A graduate of the University of Prince Edward Island, Olivia Robinson is originally from the Annapolis Valley, Nova Scotia. Her work has appeared in The Overcast, the UPEI Arts Review, and was shortlisted for the Room 2017 Fiction contest. This past summer, she completed a writing residency with TRACS on Fogo Island. In 2015, she won the Maritime Electric Short Story Award at the Cox & Palmer Island Literary Awards on PEI. She is a current MA creative writing student at Memorial and resides in St. John’s, NL, but has also lived in PEI and Ontario.
How and why did you decide to attend Memorial for your graduate degree?
I was lucky enough to meet Lisa Moore in 2015. I had just finished my undergrad degree and didn’t really know how to move my writing to the next level, so I reached out to her for advice. I was on my way to a two-month writing residency on Fogo Island and stopped in St. John’s for a couple of days. She told me she was teaching a creative writing course in the fall semester so I signed up to take it as an unofficial student. I met so many wonderful writers in that course and the overall experience of it is what made me decide to apply. Although it took me almost another year to actually go through with it, I’m very glad I did!
What drew you to explore creative writing originally?
I had two wonderful professors during my four years at the University of Prince Edward Island — Richard Lemm and Brent MacLaine — who are both beautiful writers and excellent teachers. I’ve always loved writing and reading, but Richard and Brent were the first people who encouraged me to pursue it more seriously. I started out planning to major in biology at UPEI, if you can believe it, but soon realized that was not for me. I had fallen into the trap many young people find themselves in, of giving up on something they love because someone told them they wouldn’t be able to get a job with an English degree. Luckily for me, I realized early I had made the wrong decision. The opportunities are endless if you’re dedicated and passionate enough to seek them out. Writing is what I love, and I’m so grateful for Richard and Brent’s encouragement and inspiration.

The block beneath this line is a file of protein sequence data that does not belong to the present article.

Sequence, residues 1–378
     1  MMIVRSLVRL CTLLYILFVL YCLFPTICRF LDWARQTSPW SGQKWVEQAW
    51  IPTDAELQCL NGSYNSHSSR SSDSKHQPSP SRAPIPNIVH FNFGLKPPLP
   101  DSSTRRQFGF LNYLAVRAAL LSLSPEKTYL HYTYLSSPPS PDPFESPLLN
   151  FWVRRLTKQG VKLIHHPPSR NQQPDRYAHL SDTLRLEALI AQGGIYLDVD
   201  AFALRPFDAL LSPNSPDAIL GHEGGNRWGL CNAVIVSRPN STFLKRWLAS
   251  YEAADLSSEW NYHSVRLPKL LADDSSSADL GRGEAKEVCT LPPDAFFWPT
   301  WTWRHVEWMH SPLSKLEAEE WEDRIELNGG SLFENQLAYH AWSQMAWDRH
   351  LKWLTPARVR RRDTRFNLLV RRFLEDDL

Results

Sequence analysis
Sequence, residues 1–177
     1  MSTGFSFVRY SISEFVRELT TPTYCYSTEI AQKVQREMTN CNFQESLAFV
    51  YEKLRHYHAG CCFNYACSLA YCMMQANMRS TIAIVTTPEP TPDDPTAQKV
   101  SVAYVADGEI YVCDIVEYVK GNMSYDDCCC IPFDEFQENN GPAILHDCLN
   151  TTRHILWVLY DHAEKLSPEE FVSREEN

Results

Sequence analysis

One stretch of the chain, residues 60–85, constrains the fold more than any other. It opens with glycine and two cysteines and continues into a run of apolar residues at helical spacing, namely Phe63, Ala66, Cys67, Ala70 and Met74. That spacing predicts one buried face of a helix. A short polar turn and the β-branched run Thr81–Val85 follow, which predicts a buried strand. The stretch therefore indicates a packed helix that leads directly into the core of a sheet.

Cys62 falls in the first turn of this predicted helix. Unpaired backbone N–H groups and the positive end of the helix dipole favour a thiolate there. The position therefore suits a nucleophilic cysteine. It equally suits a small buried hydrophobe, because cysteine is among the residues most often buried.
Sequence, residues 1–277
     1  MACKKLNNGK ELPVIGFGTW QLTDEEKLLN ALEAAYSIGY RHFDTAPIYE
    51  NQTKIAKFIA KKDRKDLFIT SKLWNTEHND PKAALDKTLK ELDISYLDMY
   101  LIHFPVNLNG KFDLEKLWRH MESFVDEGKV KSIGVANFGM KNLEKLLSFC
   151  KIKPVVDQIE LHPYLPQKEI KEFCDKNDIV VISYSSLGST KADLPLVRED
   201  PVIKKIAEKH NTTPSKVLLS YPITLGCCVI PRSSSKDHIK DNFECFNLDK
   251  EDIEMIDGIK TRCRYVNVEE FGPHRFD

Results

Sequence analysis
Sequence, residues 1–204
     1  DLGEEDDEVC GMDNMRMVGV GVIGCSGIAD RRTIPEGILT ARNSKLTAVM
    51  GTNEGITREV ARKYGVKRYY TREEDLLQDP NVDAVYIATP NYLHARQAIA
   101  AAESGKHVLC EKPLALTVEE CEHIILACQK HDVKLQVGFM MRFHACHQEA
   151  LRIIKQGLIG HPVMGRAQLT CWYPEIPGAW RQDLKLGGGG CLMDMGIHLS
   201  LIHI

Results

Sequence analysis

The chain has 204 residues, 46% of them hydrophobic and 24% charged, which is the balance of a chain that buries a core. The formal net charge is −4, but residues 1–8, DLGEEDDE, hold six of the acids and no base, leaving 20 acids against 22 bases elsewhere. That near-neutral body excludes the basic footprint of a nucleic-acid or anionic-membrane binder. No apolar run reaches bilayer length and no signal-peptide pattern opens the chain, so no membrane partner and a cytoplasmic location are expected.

Can you tell us a bit about your current projects?
I’m in the process of editing and filling in the gaps of a novella I completed in Lisa Moore’s creative writing class this past semester. Everyone in the class wrote a novella, around 20,000-30,000 words. I loved reading everyone else’s work and the discussions in class. I’m also starting to think about my thesis project, which will be a collection of short stories. All of the stories will have a connection to the Atlantic provinces, either through setting or the characters, but that’s all I know right now.
A supervisor can be key to the success of any grad student. What does your supervisor Lisa Moore bring to her role as your advisor and mentor?
I could write an entire essay for this question! Lisa is an inspiration. Her work ethic is unparalleled, between writing, painting, teaching, and providing insightful, constructive feedback for her students. She always has the perfect book recommendation to get me out of a writing rut and encourages me to go outside of my comfort zone in my writing. This past semester, in the creative writing class, the whole group worked together on a podcast (which you can find online here, along with the ones from Lisa’s other classes, which was a really unique experience. It was a collaborative method of storytelling I haven’t explored before and really enjoyed.
Are you involved in any organizations on-campus or off? If so, can you explain and detail such involvement?
I’m helping with the Sparks Literary Festival this year, which takes place on Sunday, January 28th from 10:30 a.m. - 6 p.m. It has been a wonderful experience so far and I can’t wait for the day — I’m so excited to hear Sharon Bala read from her debut novel and I can’t wait to listen to some of Sue Goyette’s new poetry. There are so many excellent writers lined up! For more information on the festival, and the full list of writers, check out the website: https://www.arts.mun.ca/sparks/schedule.html.
What do you like most about being a graduate student at Memorial?
I’ve only completed one semester of my program so far, so I still feel like I’m discovering things every day. But the best part so far is the people I’ve met, professors and students, who are so wonderful and friendly. I felt immediately at home. Before the holiday break, I discovered the Jumping Bean cafe in Hatcher House, with those lovely booths by the windows, so I’ll be spending a lot of time there next semester. Also the QEII Library has quickly become one of my favorite spots. I like going there early in the morning when it opens. I enjoy the feeling of campus waking up, everyone hurrying along the pathways with their coffee, ready for another day.
What do you hope to do after completing your graduate degree?
I’m hoping to find a publisher for my collection of short stories. I’d also love to go to the Banff Centre and explore more writing residencies around the world. I love traveling, so getting to write and travel would be ideal. Other than that, just writing, writing, and more writing!